When was the last time you drank shampoo? How about painkillers or birth control? Statistically, you consumed all of the above recently, whether you wanted to or not.
Researchers have found antiseptics, pharmaceuticals, detergents and a number of other products everywhere they’ve looked for them in our water supplies.
According to a study published by the EPA, the nation’s water sources tested positive for dangerous pharmaceuticals such as oxycodone, high-blood pressure medications and antidepressants.
Water treatment plants are not required to test for or monitor levels of these so-called “emerging contaminants” in our drinking water. Some of the products – such as shampoo and dish detergent – have been in our water supplies for decades, but skyrocketing rates of prescription drug use and abuse in the U.S. are leading to other contaminants that didn’t used to pollute our water.
In fact, a recent Mayo Clinic study determined that nearly 70% of Americans take prescription drugs. Many people flush their old and unused pharmaceuticals. The only proper way to dispose of old prescription or over-the-counter meds is to take them to a pharmacist. This doesn’t prevent all pharmaceuticals from getting into our water, though. We also urinate and otherwise excrete trace amounts of drugs and antibiotics into drains and toilets.
While emerging contaminants are not currently regulated, but this does not mean they don’t pose a risk. It’s unclear how emerging contaminants in drinking water affect our health, but it’s an area of growing concern among health officials.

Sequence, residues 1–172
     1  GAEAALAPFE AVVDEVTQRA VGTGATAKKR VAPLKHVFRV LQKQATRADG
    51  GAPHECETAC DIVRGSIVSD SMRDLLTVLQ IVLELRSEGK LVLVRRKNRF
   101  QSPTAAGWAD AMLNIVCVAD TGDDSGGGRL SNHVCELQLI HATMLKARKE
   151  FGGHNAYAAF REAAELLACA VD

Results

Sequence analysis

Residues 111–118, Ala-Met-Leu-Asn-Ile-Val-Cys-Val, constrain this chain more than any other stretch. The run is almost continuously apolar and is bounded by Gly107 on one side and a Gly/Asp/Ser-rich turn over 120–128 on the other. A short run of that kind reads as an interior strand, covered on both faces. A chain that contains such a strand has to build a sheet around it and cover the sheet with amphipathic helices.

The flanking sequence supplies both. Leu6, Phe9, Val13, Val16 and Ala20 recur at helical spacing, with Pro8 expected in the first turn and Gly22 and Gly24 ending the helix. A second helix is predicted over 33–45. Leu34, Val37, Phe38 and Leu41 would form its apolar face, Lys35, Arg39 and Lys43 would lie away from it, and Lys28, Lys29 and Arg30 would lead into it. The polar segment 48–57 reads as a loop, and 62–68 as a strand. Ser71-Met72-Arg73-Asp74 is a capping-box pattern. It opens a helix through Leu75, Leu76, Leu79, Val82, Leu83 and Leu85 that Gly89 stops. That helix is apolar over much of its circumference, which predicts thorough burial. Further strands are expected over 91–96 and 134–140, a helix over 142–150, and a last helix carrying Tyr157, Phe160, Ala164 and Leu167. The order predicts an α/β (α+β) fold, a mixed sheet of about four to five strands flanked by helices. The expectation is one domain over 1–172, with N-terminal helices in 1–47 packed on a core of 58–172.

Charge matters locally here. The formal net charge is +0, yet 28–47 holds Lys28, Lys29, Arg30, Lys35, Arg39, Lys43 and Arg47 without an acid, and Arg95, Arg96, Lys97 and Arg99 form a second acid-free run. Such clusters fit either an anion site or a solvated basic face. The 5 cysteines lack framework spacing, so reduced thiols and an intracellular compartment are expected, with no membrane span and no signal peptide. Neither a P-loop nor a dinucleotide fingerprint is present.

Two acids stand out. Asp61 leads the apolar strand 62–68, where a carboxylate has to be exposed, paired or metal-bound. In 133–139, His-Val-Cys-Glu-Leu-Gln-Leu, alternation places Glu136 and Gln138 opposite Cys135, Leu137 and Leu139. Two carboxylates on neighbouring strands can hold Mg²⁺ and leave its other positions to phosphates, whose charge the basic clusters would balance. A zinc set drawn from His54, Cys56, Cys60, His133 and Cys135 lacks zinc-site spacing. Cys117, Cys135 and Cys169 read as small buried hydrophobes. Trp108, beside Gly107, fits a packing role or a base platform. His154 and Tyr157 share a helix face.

One medication of which we know some effects is birth control. This is because hormones work at very low concentrations in the human body, suggesting that birth control can affect our bodies even though it shows up in low concentrations in our water. This possibility was highlighted recently when fish in the Potomac River were found to have both male and female sex glands after exposure to estrogen.
Humans have been lucky to not experience such extreme consequences, but the fact that fish are absorbing pharmaceuticals from human wastewater and suffering mutations suggests problems down the line. It may also come full circle, as we are likely to consume the same contaminants with our seafood.
While healthy adults have sophisticated detoxification processes that may protect them from emerging contaminants for the time being, pregnant women and children are much more susceptible.
Home drinking water filters are a good way to cut down the amount of emerging contaminants in your tap water, according to Timothy Bartrand, PhD, a postdoctoral fellow at Drexel University, Philadelphia, who worked with the National Science Foundation (NSF) on drinking water research.
We encourage you to ask your water authority what it is doing to keep you safe from emerging contaminants. The number for the San Diego County Water Authority is (858) 522-6600.
Also, consider using an Evolution Drinking Water System in your home to not only cut down on emerging contaminants, but also add vital trace minerals to your family’s drinking, cooking and coffee/tea brewing water.